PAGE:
Bear Market: Characteristics and Tradings Principles
This overview is devoted to the bear market, its signs, and several popular trading strategies at the bear market.
The bear market is the state of the financial market when asset prices are falling steeply, and investors are nervous or even panicking. The notion usually characterises the stock market, but can also be used for the currency, commodity, crude materials, and real estate markets, as well as other branches of economy.
The bear market is the direct opposite to the bull market we have already told you about. During this phase, the prices of most stocks are falling, dragging behind stock indices. In other words, there is a downtrend: new lows are set regularly, and small local highs turn out to be lower than the previous ones.
Unlike bull markets, bearish ones last rather short – on average, from six months to two years. However, they are characterised by increased volatility – prices might be falling very fast. The main reason for the market to become bearish is a crisis in the global economy that involves the decline of all main macroeconomic indices.
Previous such period lasted for about six months and was provoked by the pandemic of COVID-19 in 2020. When the crisis was over, times of active growth (bull market) followed, coming to an end in January 2022. Now we are in another bull market, created by the decline of indices of the global economy due to the geopolitical situation and fast growth of prices for energy carriers.
The beginning of an economic crisis, swift growth of prices for energy resources, various bubbles bursting in the stock market — these are the main reasons for the bear phase to start. At these times, the market is pessimistic and panicking; investors try to withdraw money from high-risk assets and thus save their capital.
Main signs of the bear market:
- Fast falling of asset prices. In the stock market, stock indices and share prices fall. A rough landmark at which the bear market begins would be the phase where main stock indices lose 20% of their recent highs.
- Negative economic reports. Inflation and unemployment grow, the GDP is falling, threatening a recession (negative GDP), companies suffer losses.
- Pessimism and panic among market players. Investors try to sell shares as fast as possible lest they fall too much and put money in cash or bonds, gold and other protective assets.
Such times are no doubt scary for investors: no one ever wants to see the price of their portfolio fall. On the other hand, chances appear to make money work in the long run while shares are traded with a big discount. One can even make a profit on short-term sales, or simply shorts. Let us take a look at several popular strategies for trading in the bear market.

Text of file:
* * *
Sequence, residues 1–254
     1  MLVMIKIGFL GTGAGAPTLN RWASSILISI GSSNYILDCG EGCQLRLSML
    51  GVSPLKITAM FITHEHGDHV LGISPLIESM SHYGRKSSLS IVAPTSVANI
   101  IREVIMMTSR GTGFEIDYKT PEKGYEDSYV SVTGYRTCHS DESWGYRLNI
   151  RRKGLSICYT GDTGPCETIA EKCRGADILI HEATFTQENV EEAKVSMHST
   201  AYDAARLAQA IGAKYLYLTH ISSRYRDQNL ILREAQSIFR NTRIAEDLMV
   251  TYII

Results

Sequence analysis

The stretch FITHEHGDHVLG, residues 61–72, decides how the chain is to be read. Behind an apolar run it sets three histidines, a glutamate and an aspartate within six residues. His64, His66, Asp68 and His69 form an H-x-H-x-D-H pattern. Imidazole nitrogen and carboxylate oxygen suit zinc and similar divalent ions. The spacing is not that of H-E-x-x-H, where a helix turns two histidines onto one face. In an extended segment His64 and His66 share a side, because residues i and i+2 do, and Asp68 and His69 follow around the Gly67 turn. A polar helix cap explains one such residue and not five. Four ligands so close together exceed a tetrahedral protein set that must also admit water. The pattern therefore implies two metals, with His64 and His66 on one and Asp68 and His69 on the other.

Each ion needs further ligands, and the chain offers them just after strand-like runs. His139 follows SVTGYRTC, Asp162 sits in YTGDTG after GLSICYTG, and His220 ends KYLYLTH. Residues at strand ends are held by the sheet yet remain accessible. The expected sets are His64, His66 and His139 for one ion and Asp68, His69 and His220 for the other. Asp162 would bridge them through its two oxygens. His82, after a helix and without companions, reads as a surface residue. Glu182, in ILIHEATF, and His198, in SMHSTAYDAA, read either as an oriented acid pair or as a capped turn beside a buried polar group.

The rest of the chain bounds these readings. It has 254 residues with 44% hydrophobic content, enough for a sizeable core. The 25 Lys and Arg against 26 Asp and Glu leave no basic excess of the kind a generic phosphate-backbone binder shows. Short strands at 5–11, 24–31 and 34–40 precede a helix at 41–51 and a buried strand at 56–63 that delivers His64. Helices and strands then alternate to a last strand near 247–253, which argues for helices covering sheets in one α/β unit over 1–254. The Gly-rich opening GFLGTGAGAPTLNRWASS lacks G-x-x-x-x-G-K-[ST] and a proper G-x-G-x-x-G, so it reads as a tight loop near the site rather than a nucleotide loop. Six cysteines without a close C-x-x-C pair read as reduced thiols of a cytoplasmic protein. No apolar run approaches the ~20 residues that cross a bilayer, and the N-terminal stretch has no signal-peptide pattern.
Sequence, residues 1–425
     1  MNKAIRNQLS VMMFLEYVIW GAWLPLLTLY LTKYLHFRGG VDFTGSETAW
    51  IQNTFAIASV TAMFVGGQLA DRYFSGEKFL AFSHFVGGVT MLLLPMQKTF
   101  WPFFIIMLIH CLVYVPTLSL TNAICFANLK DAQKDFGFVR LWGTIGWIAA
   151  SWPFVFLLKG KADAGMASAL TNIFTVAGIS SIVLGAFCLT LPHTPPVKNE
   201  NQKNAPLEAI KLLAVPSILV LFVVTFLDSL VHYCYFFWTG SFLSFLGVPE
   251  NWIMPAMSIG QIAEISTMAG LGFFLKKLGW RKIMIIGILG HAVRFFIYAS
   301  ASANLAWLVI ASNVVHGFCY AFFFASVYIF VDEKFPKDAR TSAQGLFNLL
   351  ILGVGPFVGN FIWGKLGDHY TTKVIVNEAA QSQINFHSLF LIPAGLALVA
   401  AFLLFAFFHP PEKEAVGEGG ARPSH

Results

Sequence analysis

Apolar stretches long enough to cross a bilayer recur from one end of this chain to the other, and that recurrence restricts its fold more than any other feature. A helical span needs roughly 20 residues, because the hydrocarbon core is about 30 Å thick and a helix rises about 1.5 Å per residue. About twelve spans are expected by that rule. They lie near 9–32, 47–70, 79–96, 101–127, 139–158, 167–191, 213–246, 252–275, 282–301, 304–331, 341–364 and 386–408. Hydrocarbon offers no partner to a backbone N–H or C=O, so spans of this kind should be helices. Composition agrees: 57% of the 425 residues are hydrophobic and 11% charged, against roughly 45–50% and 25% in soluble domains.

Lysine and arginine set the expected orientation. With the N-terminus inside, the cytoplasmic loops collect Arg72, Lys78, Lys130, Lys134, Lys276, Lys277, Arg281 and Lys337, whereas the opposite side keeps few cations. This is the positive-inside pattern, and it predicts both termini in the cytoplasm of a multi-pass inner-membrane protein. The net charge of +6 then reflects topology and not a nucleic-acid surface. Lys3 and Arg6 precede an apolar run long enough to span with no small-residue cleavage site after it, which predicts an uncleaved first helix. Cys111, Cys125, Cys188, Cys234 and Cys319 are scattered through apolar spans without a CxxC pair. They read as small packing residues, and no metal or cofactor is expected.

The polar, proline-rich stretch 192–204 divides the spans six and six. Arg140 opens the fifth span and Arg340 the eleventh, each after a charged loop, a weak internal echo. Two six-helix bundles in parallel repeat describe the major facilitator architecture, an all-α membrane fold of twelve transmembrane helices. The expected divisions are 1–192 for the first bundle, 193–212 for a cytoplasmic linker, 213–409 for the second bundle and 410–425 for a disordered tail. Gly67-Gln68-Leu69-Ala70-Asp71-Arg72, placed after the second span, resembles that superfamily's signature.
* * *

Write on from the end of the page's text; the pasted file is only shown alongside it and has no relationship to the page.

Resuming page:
Experienced investors can use special protective instruments for hedging their portfolios. The idea is to use futures, options, or other instruments that yield a profit at a falling market. However, hedging might cost a lot and requires a high level of financial literacy.
The simplest and most available way to keep one's capital safe when asset prices begin to fall is withdrawing cash. Cash is the safest haven; one can wait for the crisis to end transferring their capital into one or more safe currencies — the US dollar, Swiss franc, or the Japanese yen. As soon as the acute phase of the crisis is over, and the market starts reversing upwards, the investor may start to buy shares again. Their money is safe, while asset prices might turn out really appetising.
In the falling market, one can make money on short positions, selling assets at higher prices than they buy them. If the investor does not have the shares of the company they need, they can address a broker and borrow them. Then they can be sold, bought after they fall at a lower price, and returned to the broker with a profit on price differences. Stock indices can be sold via futures, options, or CFDs.
A short position is naturally short-term: the trader sells the asset and holds the position open for several days or weeks. The goal of such a trade is to catch the declining wave and take the profit at the beginning of an upward reversal. Such trading requires the experience of active trading, the skill of using tech analysis instruments and indicators, and strict following of risk management rules.
Experienced long-term investors that have a substantial capital may gradually increase their positions in stocks in the bear market where shares fall. A long-term portfolio collected at low prices can bring a good profit when the market stops falling and switches to a bear phase.
This approach needs professional evaluation of the future of shares because when the market is bearish, a weak company can simply go bankrupt. In hard times, attention should be paid to reliable companies with a large capital, transparent financial reports, and visible advantages over rivals.
Bear market is a nervous time for investors: asset prices fall fast, economic activities subside, market players are prone to panic and pessimism. However, this is a time of of new opportunities: one can make a real profit playing short or gather a long-term investing portfolio at very attractive prices.